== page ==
CHICAGO – The issue of gender identity, especially for those who are born with a vagueness as to what to call themselves between/beyond boy and girl, has come front and center in the U.S., both with the legalization of gay marriage and the callous repudiation of identity by trying to pass laws dismissing it (the North Carolina “bathroom” laws). The performance companies of The Living Canvas and Nothing Without a Company is currently staging “[Trans]formation,” which presents gender identity art by six performers, who perform most of the play in the nude.
Seann William Scott
CHICAGO – “American Reunion” is not unlike the event from which it takes its title. Some of it rekindles memories of what worked in the past in a nostalgic, even sweet way. Some of it reminds one what they liked about these people in the first place. Some of it is just sad. Ultimately, it’s too inconsistent a movie to recommend in any way even if Seann William Scott and Eugene Levy pull every weapon from their comedy arsenals to try and save it. It’s a stale piece of pie.
CHICAGO – Seann William Scott gives a surprisingly engaging, even sweet performance as the title character in the brutal, raunchy hockey comedy “Goon,” written by “Superbad” scribe Evan Goldberg and comedy actor Jay Baruchel. This “Slap Shot meets Fight Club” is a definite must-see for hockey fans but feels a little too slight for everyone else. Still, there’s a lot to like here, especially for those who want an interesting alternative On Demand (it’s already available there and opening in Chicago theaters today, March 30th, 2012).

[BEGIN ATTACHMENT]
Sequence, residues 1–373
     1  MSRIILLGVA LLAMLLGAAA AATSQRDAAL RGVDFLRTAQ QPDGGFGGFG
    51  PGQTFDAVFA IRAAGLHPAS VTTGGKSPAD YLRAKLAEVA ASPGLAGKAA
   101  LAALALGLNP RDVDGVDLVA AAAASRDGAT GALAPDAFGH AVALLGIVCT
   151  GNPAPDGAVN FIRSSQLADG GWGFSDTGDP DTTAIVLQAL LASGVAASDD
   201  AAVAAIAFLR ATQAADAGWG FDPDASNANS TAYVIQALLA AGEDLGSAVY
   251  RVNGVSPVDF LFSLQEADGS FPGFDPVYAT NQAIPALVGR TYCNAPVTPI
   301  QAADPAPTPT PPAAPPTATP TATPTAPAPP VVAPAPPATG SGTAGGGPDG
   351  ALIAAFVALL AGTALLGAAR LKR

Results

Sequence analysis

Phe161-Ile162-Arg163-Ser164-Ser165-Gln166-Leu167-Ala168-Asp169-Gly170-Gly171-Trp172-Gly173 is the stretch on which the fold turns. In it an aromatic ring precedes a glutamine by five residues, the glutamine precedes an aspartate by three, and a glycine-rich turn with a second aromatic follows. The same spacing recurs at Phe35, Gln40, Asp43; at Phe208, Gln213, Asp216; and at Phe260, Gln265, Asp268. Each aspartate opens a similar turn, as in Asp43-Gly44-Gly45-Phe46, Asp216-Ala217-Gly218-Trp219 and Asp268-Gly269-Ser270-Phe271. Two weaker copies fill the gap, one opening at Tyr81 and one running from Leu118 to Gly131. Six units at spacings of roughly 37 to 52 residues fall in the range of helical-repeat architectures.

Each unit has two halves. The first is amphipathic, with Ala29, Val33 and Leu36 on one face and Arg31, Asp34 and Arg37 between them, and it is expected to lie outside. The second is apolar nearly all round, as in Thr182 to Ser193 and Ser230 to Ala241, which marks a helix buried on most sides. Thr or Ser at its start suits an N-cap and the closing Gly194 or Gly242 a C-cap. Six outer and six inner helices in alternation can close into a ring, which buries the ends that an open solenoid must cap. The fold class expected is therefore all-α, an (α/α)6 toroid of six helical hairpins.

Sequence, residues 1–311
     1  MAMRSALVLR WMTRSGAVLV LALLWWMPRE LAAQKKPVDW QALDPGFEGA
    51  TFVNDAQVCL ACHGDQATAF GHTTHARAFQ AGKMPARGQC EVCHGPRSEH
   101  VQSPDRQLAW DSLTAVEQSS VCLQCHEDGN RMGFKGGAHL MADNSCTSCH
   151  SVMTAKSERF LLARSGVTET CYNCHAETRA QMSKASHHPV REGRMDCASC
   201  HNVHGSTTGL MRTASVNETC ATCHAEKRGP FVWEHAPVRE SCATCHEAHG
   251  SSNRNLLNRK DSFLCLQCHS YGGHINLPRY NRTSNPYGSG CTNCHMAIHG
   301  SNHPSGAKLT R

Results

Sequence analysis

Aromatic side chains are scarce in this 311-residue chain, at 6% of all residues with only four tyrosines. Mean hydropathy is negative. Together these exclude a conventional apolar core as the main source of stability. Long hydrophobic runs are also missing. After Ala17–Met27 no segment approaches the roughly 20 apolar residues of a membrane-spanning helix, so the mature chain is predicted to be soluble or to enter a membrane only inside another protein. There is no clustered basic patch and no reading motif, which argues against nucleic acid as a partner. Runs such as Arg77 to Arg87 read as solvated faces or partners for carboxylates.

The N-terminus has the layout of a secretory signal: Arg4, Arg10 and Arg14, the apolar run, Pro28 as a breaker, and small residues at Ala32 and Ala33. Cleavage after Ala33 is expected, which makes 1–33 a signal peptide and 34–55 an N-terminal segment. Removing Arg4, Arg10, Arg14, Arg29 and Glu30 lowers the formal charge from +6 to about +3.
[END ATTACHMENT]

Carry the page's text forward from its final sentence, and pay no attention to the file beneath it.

CHICAGO – Unlike the world, “Southland Tales” starts with a bang but ends with a whimper. Richard Kelly’s opus of a film is little more than sensory overload meant to look like a political statement on the state of privacy, the war, news, entertainment and celebrities.
CHICAGO – Just from eyeing the “Mr. Woodcock” movie poster, you could suspect exactly what the movie will be. Just 90 minutes later, your suspicions would be confirmed.